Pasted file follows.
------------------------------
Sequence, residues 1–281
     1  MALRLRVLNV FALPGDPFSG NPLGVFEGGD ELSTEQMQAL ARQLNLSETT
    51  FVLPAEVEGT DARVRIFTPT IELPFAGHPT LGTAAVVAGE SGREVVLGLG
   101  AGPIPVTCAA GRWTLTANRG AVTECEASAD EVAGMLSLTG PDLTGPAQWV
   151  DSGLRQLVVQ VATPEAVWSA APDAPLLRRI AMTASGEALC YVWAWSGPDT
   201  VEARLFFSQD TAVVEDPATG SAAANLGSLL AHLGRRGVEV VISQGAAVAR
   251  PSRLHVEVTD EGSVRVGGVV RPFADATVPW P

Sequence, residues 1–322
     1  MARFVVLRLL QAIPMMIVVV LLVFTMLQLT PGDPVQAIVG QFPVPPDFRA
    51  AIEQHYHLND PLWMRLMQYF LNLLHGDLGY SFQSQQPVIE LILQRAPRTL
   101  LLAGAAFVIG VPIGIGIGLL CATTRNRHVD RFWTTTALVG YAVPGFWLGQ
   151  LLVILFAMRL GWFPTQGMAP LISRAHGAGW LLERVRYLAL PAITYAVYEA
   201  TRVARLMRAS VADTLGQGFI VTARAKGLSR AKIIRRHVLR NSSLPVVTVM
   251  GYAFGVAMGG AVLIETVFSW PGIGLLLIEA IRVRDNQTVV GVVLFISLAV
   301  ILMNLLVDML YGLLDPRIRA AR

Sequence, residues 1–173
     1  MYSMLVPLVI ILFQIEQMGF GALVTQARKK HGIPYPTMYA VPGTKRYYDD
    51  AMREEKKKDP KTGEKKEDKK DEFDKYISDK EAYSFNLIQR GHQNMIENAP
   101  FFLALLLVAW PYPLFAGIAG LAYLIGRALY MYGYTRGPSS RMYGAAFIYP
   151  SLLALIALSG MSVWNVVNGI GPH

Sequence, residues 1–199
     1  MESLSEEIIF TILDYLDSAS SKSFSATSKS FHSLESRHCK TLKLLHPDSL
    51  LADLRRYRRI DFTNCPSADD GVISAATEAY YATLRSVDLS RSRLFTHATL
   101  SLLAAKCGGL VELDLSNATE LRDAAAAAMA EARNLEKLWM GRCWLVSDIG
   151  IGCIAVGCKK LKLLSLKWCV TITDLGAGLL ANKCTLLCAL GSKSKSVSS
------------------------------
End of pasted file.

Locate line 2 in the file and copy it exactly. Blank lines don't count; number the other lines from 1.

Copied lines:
     1  MALRLRVLNV FALPGDPFSG NPLGVFEGGD ELSTEQMQAL ARQLNLSETT